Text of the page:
Ohio Appeals Court: Dismissal of Defendant’s Claims Proper for “Lost” Computer, Hard Drive and ESI
In our last blog, we reviewed the facts and timeline in the case Altercare, Inc. v. Clark, C.A. No. 12CA010211 (Ohio Ct. App. June 28, 2013). In the case, Clark was terminated from her position, and both she and her former employer, Altercare, had claims and counter-claims. After writing a litigation hold letter prior to the suit and issuing eDiscovery requests, Altercare claimed Clark’s old work computer crashed and was unavailable.
Over two years after litigation commenced, Altercare produced two separate hard drives, neither of which data set or drive was from the correct computer at issue. Clark filed a Motion for Sanctions for spoliation. The trial court found that Altercare’s actions warranted dismissal of their claims (Clark’s counter-claims were then the only claims left in the suit.)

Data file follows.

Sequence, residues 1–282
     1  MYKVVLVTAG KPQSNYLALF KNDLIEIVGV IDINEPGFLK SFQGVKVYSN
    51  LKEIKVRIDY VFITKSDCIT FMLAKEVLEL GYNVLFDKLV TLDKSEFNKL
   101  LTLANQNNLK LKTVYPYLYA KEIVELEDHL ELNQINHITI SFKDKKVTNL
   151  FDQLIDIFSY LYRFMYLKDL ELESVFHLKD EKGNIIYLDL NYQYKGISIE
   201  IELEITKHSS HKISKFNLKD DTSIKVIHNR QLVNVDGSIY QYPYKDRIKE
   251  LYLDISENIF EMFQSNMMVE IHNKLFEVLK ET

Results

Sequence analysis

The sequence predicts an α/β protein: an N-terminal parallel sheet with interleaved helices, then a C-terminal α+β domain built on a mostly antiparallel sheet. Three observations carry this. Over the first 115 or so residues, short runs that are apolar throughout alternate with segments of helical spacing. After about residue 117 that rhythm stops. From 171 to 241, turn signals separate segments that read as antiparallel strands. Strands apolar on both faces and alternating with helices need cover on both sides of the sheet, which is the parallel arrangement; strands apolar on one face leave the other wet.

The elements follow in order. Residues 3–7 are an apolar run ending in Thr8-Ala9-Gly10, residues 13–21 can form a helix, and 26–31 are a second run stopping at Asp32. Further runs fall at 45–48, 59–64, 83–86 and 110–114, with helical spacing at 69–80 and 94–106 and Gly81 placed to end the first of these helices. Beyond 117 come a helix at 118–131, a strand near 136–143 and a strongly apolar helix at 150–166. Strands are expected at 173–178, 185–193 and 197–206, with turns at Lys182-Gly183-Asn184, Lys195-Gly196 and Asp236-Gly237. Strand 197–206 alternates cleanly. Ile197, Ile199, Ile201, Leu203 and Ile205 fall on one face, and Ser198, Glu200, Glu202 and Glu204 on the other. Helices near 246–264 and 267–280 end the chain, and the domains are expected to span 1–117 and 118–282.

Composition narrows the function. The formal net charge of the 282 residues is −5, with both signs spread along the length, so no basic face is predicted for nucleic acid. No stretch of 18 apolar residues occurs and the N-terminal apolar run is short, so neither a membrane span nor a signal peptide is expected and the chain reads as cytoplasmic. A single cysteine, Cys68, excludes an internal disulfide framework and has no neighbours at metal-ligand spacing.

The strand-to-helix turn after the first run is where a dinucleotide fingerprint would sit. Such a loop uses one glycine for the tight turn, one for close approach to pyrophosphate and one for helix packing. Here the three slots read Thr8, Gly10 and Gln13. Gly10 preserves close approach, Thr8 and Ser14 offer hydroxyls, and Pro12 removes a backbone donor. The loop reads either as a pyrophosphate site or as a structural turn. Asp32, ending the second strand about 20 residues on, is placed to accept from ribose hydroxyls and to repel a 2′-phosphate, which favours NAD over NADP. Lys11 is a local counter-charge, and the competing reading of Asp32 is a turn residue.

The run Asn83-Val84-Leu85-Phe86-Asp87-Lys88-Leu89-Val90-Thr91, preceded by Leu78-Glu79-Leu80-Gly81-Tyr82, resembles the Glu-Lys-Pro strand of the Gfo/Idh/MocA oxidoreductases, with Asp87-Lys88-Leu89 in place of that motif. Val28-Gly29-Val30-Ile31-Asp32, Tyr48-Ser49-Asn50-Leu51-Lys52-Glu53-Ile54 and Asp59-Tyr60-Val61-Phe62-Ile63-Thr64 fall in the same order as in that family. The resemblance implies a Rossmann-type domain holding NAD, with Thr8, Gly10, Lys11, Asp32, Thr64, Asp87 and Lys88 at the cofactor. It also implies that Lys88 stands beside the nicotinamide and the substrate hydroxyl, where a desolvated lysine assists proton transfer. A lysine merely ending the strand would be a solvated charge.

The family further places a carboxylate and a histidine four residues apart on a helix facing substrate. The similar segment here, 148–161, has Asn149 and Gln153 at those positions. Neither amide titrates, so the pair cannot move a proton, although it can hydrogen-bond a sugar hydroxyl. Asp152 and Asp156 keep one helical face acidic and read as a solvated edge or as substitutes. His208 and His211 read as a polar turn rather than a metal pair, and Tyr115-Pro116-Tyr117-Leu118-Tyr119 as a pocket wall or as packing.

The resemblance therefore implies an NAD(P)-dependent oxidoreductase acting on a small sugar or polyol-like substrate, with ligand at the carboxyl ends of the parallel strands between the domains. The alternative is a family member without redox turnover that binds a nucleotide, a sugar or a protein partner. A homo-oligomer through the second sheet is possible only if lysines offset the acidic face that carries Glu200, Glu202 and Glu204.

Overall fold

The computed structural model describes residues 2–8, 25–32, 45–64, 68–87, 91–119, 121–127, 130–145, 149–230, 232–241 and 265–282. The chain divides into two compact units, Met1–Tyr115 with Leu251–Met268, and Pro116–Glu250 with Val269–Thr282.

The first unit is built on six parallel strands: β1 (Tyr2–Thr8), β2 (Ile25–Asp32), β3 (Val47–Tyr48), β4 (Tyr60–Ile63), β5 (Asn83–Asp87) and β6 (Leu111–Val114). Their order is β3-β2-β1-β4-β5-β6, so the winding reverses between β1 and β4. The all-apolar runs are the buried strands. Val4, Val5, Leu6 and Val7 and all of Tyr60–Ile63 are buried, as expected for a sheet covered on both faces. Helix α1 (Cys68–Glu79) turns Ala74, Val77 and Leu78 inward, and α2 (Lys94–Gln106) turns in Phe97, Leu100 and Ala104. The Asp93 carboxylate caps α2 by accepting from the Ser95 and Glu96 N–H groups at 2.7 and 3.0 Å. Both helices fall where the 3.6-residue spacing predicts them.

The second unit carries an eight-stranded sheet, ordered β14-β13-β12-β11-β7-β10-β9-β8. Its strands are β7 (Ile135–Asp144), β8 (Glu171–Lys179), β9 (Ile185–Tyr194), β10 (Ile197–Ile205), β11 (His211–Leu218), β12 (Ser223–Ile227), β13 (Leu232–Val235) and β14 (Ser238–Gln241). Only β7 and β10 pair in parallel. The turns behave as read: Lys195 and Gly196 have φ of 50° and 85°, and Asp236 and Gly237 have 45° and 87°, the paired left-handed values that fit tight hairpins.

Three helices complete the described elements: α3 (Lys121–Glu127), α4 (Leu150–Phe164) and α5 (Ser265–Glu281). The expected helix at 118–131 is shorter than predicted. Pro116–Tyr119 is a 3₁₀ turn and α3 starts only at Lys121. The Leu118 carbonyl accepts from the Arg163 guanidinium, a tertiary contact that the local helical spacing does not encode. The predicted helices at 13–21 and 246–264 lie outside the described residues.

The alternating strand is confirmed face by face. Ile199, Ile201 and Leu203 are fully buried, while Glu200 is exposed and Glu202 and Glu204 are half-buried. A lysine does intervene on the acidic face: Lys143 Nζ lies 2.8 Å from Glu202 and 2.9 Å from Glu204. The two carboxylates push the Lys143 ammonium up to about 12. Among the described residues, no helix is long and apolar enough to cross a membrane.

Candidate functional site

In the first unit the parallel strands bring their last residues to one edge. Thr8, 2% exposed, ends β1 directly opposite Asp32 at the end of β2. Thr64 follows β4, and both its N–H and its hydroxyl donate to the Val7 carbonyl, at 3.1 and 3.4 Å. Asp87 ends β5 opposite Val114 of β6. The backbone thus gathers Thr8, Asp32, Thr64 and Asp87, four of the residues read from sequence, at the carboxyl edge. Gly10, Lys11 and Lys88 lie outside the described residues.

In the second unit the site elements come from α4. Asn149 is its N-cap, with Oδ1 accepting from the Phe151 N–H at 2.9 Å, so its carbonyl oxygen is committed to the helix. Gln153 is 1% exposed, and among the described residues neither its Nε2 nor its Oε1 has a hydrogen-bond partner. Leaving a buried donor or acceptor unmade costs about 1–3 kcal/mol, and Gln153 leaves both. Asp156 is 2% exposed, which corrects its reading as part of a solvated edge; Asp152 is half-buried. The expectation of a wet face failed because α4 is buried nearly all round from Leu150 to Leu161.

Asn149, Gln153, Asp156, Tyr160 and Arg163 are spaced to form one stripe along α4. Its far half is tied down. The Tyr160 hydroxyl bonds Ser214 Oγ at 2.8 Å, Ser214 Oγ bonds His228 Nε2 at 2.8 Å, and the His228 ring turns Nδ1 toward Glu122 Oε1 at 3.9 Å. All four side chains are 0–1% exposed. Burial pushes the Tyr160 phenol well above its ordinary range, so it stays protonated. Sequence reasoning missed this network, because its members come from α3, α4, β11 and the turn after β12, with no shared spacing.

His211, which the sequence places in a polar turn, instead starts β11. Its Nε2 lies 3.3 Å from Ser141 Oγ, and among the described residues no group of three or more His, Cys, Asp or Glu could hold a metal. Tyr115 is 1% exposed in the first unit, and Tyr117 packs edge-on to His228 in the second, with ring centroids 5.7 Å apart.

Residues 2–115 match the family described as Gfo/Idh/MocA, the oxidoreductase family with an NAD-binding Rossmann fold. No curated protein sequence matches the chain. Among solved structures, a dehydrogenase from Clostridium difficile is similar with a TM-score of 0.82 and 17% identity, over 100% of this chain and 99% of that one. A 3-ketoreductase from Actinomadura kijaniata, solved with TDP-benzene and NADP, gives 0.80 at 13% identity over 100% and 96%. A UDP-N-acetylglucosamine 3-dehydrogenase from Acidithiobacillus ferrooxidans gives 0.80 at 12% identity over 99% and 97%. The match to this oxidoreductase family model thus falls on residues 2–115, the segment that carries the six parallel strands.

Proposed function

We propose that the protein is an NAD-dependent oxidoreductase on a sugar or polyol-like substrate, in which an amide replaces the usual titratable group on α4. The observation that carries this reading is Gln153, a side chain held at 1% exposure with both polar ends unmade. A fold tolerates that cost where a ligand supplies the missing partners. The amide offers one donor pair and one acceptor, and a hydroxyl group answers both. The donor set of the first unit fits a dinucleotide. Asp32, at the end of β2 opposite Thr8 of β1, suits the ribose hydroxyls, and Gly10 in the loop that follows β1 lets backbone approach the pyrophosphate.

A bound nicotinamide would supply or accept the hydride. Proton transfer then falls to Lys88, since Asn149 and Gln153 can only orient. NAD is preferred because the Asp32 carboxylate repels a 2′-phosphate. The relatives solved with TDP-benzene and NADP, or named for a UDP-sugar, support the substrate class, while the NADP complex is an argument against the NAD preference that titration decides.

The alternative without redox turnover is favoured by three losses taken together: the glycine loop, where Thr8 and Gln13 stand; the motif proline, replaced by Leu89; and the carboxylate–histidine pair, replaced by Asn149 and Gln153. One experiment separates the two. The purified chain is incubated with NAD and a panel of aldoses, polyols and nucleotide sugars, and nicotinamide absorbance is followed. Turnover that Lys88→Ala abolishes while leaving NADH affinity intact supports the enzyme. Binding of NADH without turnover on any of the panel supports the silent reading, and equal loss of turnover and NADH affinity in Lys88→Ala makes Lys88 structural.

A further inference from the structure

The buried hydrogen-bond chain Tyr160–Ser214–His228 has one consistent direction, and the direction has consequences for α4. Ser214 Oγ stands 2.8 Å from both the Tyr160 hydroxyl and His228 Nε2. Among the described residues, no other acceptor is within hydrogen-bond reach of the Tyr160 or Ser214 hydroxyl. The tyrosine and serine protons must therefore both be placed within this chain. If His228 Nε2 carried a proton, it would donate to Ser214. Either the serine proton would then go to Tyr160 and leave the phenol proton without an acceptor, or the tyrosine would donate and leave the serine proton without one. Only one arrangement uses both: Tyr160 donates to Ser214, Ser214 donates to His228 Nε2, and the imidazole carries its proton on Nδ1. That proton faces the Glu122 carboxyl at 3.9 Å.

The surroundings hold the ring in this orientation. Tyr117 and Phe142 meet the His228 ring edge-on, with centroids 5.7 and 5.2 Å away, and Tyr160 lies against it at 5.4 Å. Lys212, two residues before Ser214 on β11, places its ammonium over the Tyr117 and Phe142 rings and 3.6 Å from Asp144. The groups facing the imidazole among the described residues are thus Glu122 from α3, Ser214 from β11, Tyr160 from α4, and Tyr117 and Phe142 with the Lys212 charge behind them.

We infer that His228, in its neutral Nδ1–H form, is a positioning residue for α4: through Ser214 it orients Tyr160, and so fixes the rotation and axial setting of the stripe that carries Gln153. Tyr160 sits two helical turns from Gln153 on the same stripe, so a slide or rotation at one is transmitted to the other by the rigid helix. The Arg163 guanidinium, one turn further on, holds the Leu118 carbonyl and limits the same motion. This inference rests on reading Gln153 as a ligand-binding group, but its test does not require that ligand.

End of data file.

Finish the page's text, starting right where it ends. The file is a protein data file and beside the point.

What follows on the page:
Altercare appealed the trial court’s decision to dismiss the complaint, alleging such a harsh sanction was not warranted. The Court of Appeals noted that such a sanction may be warranted in Ohio “where the record does not indicated that failure to comply with discovery was due to involuntary inability, such as illness, rather than willfulness, bad faith or any other fault of the noncomplying party, a trial court does not abuse its discretion by dismissing the action pursuant to Civ.R. 37(B)(2)(c)…” citing Morgan Adhesives Co. Inc., 2001 WL 7383.
Looking to Ohio’s Civ.R. 37 about ESI, the appeals court reviewed each factor:
1. Whether the obligation to preserve the information was triggered;
2. Whether the information lost was routine and within the ordinary use of the system;
3. Whether the party intervened to try to prevent the loss;
4. Whether any steps were taken to try to comply with the court order; and
5. Any other relevant factors.
Examining the facts of the case, the court concluded there was no evidence that the computer was lost due to a routine, good faith operation. In this case, dismissal was proper, as “Altercare took no action whatsoever to preserve Clark’s computer before it allegedly crashed…Altercare then apparently lost the computer, as it was never able to produce it.” Concluding this was “gross negligence” and “irresponsible,” the appeals court held dismissal of Altercare’s claims was warranted. Judgment affirmed.